For nearly five years Lil Boosie was locked up and fighting for his life and his freedom. He's won both those battles.

Words: Jeff Weiss
Images: Andrew Link

[This article originally appeared in XXL Magazine, Issue 154, June/July 2014]

There are no scented candles in solitary confinement. But there’s one flickering in a fourth floor suite at the W Hotel in New Orleans. It’s a custom-made Lil Boosie votive candle with the Baton Rouge rapper’s name inscribed in gold gothic script like a Holy Ratchet Emperor.

It’s the late morning of March 10, less than a week since Boosie left the Louisiana State Penitentiary, where he served nearly five years for multiple drug convictions and a first-degree murder rap that he beat. His “Boosie Speaks” press conference doesn’t begin for two hours, but the luxury hotel lobby is already littered with family, journalists, label reps, hangers-on, Webbie (Boosie’s rap partner), Jeezy and Bun B.

The ruler’s back. That’s the message that his record labels, Trill Entertainment and Atlantic Records, attempt to convey down to the cartoonishly regal throne supplied for the live-streaming press conference. But Boosie didn’t receive thousands of adoring fan letters in jail because of his imperial temperament; he got them because he’s the hood’s ambassador, an anguished rebel from the gutter and purple-smoking avatar for the struggle.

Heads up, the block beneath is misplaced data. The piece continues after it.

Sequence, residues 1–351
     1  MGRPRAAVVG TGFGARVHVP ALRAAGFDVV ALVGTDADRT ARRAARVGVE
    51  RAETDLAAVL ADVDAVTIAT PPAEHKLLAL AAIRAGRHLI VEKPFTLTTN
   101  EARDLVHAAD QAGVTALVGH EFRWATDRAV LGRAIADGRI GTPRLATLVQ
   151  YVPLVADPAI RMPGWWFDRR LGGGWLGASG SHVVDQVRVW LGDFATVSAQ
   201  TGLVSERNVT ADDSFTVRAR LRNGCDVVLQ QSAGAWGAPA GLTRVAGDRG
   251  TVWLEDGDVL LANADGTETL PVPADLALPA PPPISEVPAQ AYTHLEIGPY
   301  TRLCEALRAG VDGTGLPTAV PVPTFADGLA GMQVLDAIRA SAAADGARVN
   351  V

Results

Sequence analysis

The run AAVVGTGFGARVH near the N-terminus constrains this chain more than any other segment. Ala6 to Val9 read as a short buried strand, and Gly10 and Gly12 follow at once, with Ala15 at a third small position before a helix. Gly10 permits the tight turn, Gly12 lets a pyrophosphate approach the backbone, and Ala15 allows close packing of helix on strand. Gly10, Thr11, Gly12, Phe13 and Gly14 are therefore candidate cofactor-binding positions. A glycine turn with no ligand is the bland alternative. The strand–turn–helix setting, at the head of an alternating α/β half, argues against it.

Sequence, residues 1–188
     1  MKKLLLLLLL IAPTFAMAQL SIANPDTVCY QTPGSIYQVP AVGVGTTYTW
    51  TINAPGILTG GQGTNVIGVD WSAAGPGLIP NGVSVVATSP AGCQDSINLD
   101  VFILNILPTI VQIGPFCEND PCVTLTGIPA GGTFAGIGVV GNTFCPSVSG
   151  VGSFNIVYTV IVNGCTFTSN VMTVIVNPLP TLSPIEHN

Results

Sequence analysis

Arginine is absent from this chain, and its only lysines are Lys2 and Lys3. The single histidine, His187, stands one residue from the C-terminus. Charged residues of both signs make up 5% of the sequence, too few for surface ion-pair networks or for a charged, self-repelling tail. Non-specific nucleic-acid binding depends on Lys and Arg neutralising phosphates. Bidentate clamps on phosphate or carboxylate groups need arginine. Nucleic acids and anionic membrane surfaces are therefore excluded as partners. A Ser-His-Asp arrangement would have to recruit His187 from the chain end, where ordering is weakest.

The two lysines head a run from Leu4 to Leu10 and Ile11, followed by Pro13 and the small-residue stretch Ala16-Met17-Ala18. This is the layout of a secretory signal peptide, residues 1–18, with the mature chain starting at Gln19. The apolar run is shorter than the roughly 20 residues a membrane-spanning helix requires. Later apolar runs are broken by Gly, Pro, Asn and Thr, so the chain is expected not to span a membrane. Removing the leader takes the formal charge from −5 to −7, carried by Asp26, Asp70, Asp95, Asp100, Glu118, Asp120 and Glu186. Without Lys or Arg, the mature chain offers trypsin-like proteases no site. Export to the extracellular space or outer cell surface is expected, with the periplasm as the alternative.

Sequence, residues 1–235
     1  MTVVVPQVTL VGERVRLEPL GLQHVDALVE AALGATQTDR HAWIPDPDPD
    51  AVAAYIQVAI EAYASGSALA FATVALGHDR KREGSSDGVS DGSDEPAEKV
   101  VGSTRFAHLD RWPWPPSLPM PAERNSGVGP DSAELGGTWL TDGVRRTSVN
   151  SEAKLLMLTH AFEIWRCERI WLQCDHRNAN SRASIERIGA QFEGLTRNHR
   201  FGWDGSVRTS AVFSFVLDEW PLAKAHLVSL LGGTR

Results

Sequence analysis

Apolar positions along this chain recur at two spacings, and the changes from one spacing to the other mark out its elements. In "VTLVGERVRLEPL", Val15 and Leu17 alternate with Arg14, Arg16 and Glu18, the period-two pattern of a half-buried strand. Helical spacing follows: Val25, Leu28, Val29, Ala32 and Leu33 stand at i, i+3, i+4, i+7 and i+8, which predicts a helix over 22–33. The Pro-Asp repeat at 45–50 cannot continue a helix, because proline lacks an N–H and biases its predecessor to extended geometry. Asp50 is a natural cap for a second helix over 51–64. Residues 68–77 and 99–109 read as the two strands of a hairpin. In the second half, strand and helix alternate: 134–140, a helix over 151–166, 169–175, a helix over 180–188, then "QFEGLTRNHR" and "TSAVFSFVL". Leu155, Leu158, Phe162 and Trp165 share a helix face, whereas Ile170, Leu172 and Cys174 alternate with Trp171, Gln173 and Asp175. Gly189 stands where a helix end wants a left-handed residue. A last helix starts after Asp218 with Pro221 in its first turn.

“I got around 100 letters each day until the day that I left prison,” Boosie, 31, laments in this shadowy room on the hotel’s fourth floor. “I couldn’t get enough stamps to write everyone back. The letters came from Chinese people, White people, Black people, rich kids, ghetto kids. All over the world.”

His presence is almost ghostly, considering how frequently his freedom was delayed and how grave the accusations were. He jokes, “I had more release dates than Jordans.”

But now that he’s back, missing him is impossible. Weightlifting and a starchy prison diet have given the once-slim rapper the physique of a middleweight boxer. A gold watch—the size of a CD—glitters on his wrist. It’s the same one he nearly fractured punching prison walls in frustration. Two diamond-encrusted chains dazzle from his neck. He’s wearing dark pants, darker sunglasses and a black leather vest that reads “Fly.” The look is All Eyez On Me for the Instagram age.

The half-decade in hell caused Boosie’s Eazy E-as-an-Animaniac voice to descend an octave. He’s acquired a razorblade blues rasp, amplified when he says things like: “If you can understand reality, you can understand my music.”

The numbers of those who understood multiplied in his absence. He became a folk hero hovering somewhere between 2Pac and Lead Belly (a one-time inmate of the Louisiana State Penitentiary, a.k.a. Angola because of its location in Angola, La.). Being acquitted of murder conspiracy charges in the notoriously racist Louisiana criminal justice system may have burnished his myth, but the music built it.